The common goal of the Telluride and Capo Caccia (CC) workshops is to promote the neuromorphic approach to designing technologies, establish an international community, and to encourage collaboration amongst small groups, in order to achieve the kind of technical advances which could only otherwise happen in well-funded industrial labs. See the History of the Workshops.
Now, with Telluride funded for over 25 years (CC running for 12 years) and "neuromorphic" nearly a household word (and everyone else claiming they have invented it...) we can claim some success in achieving the original workshop goals. Change is good, but it must be considered carefully against the ongoing and long-term progress of the central goal — to bootstrap the neuromorphic approach to the design and implementation of intelligent systems.
The building of an international collaborative community has been the cornerstone of our progress. We have shared designs, hardware, interfaces, software, and importantly ideas freely, and it appears to everyone's benefit. We have also been able to move a little upward from the necessary circuit-level obsessions, to more system level (behavioral) considerations. Meanwhile the large scale digitally implemented circuit approaches to neuromorphic function, such as Deep Learning, are converging toward the same behavioral questions. All of these efforts take inspiration and relevant detail from Biology. But they are clearly aimed at developing technologies. They do not pretend to explain biological intelligence per se. However, of course, by working within the constraints of technology, one comes better to understand the biology.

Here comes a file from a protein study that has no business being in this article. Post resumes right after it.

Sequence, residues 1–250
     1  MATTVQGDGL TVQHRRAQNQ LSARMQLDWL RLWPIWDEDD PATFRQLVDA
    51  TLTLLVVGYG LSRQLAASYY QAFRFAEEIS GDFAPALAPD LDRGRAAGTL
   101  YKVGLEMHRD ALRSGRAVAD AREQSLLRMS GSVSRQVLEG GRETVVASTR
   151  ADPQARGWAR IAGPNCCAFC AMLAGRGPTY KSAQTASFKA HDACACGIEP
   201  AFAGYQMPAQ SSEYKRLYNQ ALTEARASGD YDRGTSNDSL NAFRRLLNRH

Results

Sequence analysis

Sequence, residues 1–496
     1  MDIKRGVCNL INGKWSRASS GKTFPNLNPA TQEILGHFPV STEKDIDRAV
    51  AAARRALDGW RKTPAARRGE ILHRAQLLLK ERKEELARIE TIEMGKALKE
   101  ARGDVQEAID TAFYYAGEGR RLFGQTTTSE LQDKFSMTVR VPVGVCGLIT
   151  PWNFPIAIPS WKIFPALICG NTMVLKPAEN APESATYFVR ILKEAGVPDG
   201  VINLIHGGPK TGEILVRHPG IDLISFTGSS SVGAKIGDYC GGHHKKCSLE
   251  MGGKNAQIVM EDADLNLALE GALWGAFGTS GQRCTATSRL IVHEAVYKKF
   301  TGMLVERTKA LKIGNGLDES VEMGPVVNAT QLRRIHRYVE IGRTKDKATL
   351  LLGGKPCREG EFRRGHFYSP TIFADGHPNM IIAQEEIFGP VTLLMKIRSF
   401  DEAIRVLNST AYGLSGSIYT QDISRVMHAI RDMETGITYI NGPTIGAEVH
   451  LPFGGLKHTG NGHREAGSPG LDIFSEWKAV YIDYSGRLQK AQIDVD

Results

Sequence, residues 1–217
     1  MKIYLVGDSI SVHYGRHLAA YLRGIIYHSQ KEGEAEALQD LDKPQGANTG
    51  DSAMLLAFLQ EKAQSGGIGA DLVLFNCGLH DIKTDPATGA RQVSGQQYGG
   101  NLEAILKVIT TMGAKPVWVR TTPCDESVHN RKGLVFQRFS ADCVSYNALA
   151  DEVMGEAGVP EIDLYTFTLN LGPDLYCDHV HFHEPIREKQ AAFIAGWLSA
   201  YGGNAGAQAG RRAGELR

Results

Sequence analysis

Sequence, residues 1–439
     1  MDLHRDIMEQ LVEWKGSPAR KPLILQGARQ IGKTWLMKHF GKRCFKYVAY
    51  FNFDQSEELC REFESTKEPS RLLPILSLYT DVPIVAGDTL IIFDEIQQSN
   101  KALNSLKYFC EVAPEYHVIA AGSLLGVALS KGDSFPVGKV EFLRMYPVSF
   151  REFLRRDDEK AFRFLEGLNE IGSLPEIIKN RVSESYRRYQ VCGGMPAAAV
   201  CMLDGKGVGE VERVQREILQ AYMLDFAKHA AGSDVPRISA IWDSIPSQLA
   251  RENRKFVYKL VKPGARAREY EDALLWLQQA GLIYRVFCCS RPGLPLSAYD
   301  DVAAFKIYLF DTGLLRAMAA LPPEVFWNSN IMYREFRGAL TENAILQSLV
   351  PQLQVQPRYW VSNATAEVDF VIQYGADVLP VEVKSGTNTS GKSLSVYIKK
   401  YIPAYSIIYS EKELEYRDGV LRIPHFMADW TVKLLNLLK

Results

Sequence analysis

The CCNW has an open format, whose intention is to encourage creativity and exploration of ideas and projects in a relaxed and intellectually open environment. Although there is a skeleton program that sets a default route through the two weeks, ad hoc deviations from or elaborations of this basic program are encouraged. Discussion groups and projects arise dynamically. There are no formal lectures. Instead, the morning consist of two 1.5 hr discussion sessions in which a few discussants will make short contributions to the topics in order to ignite more general interaction. Although the sessions of the skeleton program have assigned moderators and discussants, these persons should also be seen as defaults. Whiteboards and overhead tablets are available for drawings. Formal presentations with prepared media (such as Powerpoint slides) are strictly forbidden. The daily program includes a late afternoon sports break, and happy hour.
The workshop is held in a well-appointed full-board hotel with excellent Italian buffet food, and a delightful bar. The hotel has a private beach, and is located on a wooded area on the northern shore of the gulf of Alghero, a few miles away from the Capo Caccia headland.